Have you come across Schirmer's student edition of Mendelssohn's Organ Works, Op. 37/65 edited by Samuel P. Warren? This is a good edition with fingering and pedaling written in (in most cases). However, a lot of times people feel confused about the way pedaling is written.
From the way the pedaling is indicated it might seem that the strange pedaling indications does not involve signs U (heel). Instead, the toes are indicated v (left) or ^ (right), and the heels: ̺ (left), ̪ (right). Every sign is positioned BELOW the notes.
This might happen in some editions. If you are not aware of this difference, then it might even seem like some sort of early pedaling without heels is used. From this notation, it is certainly not very easy to decipher which foot (left or right) should play which note. That's the main difficulty, I think.
But in reality it is nothing more than a different form of notating heels and simply means that the heel is used in such cases. By the way, there was a time when it was common to use "o" sign for heels.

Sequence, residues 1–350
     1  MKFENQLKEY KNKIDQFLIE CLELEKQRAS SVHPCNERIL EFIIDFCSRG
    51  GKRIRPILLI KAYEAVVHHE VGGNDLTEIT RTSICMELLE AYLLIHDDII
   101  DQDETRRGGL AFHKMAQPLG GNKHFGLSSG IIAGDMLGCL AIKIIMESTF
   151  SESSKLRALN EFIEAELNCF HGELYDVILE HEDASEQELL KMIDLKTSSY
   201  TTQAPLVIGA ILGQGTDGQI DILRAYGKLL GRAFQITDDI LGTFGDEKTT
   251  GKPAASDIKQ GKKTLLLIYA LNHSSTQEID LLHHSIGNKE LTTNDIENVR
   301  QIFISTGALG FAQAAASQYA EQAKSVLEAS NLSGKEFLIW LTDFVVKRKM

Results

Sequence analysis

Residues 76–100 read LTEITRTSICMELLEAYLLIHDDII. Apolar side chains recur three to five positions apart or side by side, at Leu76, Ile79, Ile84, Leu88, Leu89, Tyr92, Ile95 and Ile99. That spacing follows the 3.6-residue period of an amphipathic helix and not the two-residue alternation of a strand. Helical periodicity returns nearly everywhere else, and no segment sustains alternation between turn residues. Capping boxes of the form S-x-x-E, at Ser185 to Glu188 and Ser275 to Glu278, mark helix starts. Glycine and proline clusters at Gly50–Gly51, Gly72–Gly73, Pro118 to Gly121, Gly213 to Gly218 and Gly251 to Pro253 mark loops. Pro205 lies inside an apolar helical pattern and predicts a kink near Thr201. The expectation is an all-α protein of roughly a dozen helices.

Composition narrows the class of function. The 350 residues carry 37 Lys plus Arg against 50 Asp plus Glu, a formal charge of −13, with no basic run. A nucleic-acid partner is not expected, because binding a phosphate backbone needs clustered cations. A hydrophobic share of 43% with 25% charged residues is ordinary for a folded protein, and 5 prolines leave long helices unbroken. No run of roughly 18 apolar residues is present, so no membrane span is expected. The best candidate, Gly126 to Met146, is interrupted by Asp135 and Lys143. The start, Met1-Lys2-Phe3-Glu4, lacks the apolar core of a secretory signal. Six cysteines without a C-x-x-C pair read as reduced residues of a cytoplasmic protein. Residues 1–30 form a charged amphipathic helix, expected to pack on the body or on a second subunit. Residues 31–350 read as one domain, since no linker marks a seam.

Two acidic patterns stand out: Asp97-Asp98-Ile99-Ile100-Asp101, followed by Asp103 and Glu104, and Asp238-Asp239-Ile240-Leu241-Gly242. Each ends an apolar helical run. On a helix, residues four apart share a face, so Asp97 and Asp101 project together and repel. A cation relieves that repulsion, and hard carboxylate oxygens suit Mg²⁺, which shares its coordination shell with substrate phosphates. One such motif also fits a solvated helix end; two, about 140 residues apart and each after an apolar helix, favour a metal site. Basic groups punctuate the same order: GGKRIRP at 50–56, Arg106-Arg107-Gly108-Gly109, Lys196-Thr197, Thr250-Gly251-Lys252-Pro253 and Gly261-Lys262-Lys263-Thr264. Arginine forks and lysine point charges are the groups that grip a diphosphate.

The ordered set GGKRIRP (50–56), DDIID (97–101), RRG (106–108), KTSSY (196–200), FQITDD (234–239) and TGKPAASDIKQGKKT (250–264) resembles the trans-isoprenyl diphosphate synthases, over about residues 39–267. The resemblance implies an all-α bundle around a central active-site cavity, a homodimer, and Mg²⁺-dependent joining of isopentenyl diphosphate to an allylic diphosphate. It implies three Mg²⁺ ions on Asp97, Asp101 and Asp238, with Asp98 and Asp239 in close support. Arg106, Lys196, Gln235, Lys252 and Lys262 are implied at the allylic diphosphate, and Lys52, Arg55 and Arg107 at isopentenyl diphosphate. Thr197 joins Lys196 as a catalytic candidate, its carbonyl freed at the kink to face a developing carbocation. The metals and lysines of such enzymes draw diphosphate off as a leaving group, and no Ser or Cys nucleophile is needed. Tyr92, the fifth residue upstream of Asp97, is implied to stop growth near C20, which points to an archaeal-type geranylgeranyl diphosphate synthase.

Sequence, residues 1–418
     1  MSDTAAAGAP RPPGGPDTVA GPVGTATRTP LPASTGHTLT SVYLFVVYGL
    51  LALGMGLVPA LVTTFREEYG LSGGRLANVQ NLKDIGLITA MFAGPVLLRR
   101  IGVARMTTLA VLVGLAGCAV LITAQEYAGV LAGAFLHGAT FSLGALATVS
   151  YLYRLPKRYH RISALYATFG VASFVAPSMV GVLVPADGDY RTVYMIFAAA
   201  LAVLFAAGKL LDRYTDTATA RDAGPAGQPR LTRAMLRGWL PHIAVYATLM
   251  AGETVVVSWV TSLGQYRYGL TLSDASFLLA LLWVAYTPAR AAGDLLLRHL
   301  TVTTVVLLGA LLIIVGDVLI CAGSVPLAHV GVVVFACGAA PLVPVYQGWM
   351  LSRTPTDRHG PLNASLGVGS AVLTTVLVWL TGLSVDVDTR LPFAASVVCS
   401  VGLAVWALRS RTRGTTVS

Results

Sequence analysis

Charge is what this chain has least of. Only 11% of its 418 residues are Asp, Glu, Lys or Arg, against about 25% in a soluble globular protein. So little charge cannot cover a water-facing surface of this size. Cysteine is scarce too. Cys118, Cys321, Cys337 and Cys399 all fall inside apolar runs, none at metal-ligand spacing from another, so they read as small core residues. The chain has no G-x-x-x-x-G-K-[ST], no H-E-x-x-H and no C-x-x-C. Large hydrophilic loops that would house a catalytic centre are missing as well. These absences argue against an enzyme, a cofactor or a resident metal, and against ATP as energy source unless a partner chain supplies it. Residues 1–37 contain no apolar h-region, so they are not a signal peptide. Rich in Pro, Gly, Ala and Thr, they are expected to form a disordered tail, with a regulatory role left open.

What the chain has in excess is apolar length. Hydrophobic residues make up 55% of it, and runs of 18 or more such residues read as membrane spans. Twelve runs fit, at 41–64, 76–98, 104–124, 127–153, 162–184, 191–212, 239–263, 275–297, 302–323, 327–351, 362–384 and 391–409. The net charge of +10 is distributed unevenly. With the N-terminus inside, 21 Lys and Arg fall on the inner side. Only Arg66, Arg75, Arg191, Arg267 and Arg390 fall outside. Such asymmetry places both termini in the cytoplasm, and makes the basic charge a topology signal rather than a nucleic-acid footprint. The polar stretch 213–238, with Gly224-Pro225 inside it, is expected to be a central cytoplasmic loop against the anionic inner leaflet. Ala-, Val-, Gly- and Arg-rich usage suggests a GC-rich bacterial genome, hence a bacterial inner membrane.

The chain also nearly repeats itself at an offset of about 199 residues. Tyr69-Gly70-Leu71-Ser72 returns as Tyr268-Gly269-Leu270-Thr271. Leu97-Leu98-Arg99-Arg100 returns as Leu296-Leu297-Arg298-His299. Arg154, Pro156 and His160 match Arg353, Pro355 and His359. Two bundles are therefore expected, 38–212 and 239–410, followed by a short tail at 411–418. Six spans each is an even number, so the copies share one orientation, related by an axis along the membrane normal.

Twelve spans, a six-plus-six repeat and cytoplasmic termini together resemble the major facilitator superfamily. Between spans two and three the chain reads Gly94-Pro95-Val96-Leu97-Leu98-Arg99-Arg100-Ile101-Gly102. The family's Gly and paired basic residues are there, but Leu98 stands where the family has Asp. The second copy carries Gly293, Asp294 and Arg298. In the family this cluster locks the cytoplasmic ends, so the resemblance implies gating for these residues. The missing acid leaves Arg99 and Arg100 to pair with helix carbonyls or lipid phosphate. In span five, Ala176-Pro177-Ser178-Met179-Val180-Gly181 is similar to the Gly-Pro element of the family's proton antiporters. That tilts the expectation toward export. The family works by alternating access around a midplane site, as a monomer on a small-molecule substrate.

What to do if you are playing works of Mendelssohn or other composers from such editions? Is it practical nowadays when we all are used to modern pedaling signs?
What I have found from my own practice is that it takes more time to adjust to these pedaling signs but it certainly could be done.
By the way, do you want to learn my special powerful techniques which help me to master any piece of organ music up to 10 times faster? If so, download my video Organ Practice Guide.
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Organists of Vilnius University , creators of Secrets of Organ Playing.
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Don't have an organ at home?
Download paper manuals and pedals, print them out, cut the white spaces, tape the sheets together and you'll be ready to practice anywhere where is a desk and floor. Make sure you have a higher chair.